Wednesday, 28 March 2018

Tiny victims of roadside litterbugs: Three million mice and voles die trapped in bottles and cans thrown from cars

Volunteers checking empty bottles and cans found the remains of tiny animals 
Some 3.2million voles, shrews and mice die as they crawl in and cannot escape
One RSPB member found a dead animal in one in ten bottles in south Norfolk 

PUBLISHED: 23:21, 26 March 2018 | UPDATED: 00:27, 27 March 2018

Millions of Britain’s smallest mammals are killed each year because of litter dumped on the roadside, a disturbing study has found.

As many as 3.2million voles, shrews and mice die when they crawl into discarded bottles and cans and are unable to get out.

Volunteers who checked hundreds of bottles and cans for the study found the remains of dozens of tiny animals. Desperate for shelter, they had ended up trapped and had starved to death.

Plastic bottles were the worst offenders, with one in eight containing a tiny dead animal and some packed with as many as seven.

Small mammals are integral to the food chain – eating insects and plants and providing food for larger animals and rare birds such as owls and kestrels.

The 18-month study was led by RSPB volunteer Graham Moates, who had help from charity Keep Britain Tidy.

Mr Moates was appalled at what he found in the rubbish littering the roads, mainly around south Norfolk. Of the 2,174 bottles and cans collected, there were 230 dead animals inside – one for every ten discarded containers. Of these, 118 were common shrews and 59 were bank voles. Based on what he found, Mr Moates calculates that across the country, up to 3.2million animals end up dying this way every year.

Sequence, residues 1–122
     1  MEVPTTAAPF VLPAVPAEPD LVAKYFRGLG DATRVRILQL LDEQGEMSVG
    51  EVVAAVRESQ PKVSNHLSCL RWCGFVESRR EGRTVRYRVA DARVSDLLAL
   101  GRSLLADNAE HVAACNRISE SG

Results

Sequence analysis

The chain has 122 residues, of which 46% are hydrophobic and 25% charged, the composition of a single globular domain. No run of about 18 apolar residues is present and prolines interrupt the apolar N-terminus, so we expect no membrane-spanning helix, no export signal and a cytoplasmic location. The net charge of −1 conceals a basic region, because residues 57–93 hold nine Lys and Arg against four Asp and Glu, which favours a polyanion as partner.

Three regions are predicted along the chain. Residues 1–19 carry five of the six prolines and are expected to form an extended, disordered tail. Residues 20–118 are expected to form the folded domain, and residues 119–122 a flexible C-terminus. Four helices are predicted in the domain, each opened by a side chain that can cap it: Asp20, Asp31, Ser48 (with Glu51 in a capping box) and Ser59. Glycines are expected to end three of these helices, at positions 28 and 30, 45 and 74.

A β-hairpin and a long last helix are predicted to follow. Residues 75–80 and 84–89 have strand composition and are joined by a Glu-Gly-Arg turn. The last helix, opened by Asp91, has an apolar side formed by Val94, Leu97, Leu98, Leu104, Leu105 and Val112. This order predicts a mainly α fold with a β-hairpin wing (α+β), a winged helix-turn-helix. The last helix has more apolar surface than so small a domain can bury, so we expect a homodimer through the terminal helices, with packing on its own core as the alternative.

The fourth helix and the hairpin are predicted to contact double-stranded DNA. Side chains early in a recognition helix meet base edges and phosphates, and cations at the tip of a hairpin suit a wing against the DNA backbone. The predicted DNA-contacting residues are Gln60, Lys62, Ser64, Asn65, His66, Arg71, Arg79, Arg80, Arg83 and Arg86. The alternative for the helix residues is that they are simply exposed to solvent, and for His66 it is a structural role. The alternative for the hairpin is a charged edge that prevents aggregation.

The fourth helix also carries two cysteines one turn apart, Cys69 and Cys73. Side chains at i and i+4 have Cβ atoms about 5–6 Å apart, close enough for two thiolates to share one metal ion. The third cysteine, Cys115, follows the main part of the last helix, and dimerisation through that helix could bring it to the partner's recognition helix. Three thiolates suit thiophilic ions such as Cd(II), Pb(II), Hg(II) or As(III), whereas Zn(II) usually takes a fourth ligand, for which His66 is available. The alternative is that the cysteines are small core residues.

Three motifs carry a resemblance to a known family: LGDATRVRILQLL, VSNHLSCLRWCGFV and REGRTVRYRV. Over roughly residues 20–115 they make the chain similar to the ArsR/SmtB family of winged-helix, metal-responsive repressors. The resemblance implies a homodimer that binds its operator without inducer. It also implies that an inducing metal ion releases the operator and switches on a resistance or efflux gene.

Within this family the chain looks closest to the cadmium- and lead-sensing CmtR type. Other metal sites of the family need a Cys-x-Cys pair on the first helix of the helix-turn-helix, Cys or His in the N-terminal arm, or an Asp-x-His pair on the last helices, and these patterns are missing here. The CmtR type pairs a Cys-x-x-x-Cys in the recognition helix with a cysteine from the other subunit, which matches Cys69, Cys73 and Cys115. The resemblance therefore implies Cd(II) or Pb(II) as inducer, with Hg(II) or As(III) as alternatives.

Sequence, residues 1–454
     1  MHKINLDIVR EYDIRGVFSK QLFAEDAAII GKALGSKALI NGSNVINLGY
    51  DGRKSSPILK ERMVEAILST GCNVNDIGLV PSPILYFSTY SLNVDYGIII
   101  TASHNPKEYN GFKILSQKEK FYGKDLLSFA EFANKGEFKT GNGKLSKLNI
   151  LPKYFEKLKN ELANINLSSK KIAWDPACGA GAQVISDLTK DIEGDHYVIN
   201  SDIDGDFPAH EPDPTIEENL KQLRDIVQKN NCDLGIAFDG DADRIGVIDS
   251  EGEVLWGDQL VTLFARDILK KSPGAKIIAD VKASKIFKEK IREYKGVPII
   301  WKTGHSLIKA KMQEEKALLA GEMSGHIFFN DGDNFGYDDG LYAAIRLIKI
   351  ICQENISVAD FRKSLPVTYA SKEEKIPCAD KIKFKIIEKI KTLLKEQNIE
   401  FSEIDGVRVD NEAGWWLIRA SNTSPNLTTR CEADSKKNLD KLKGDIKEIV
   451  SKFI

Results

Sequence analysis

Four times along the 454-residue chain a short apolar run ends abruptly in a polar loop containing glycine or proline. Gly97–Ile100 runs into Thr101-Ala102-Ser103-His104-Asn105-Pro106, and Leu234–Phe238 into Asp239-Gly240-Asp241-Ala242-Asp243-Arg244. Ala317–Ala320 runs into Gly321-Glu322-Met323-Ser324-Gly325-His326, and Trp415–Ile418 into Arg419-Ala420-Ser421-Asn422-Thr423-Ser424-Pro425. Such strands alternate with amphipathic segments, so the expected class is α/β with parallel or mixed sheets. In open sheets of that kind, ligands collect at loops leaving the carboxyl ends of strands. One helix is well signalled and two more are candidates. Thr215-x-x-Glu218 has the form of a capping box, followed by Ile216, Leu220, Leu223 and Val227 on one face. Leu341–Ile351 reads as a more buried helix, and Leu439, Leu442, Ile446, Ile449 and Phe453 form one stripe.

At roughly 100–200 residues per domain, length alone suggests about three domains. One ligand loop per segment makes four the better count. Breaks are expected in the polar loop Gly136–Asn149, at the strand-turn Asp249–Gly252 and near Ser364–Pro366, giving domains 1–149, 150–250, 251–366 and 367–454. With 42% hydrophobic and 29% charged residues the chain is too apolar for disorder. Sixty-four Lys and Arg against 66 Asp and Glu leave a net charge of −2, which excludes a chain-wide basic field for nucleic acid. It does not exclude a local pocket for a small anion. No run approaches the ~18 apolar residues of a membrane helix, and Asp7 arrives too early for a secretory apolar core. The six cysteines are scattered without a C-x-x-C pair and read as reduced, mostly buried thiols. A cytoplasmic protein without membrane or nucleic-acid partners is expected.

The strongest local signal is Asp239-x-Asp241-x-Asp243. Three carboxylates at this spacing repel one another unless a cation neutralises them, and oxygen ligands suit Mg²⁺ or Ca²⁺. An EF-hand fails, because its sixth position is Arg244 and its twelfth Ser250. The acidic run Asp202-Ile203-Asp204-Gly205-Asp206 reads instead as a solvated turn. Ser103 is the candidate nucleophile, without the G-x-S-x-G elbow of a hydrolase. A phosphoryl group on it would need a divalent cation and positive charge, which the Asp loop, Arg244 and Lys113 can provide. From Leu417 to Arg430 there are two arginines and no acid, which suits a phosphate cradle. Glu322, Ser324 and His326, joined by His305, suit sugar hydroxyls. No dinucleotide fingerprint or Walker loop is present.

‘I never thought it could be this many before I began the research,’ he said.

‘I was expecting an occupancy rate of about one per cent, but it was more than five times that. It is very upsetting to think of how many small creatures die in this way because of human carelessness.’ New regulations making it easier for councils to clamp down on littering motorists come into force next month.

As many as 3.2million voles, shrews and mice die when they crawl into discarded bottles and cans and are unable to get out

Fines can now be issued to the registered keeper of the vehicle, regardless of who threw the litter. And Keep Britain Tidy has unveiled a campaign aimed at motorists, urging them to think before they throw rubbish from their cars.

TV presenter and Keep Britain Tidy ambassador Chris Packham said those who care about the country’s wildlife must act now, adding: ‘We have all seen the impact of plastic bottles on our marine environment in recent months. Now, thanks to this research, we know it is killing millions of the small mammals that are a vital source of food for our native birds of prey.’ Keep Britain Tidy chief executive Allison Ogden- Newton urged councils to use CCTV footage and their new powers to fine offenders.

‘We are spending millions every year cleaning up after selfish drivers who seem to think it is acceptable to throw their rubbish out of their cars, turning our roadsides into a giant heartless wasteland,’ she said.

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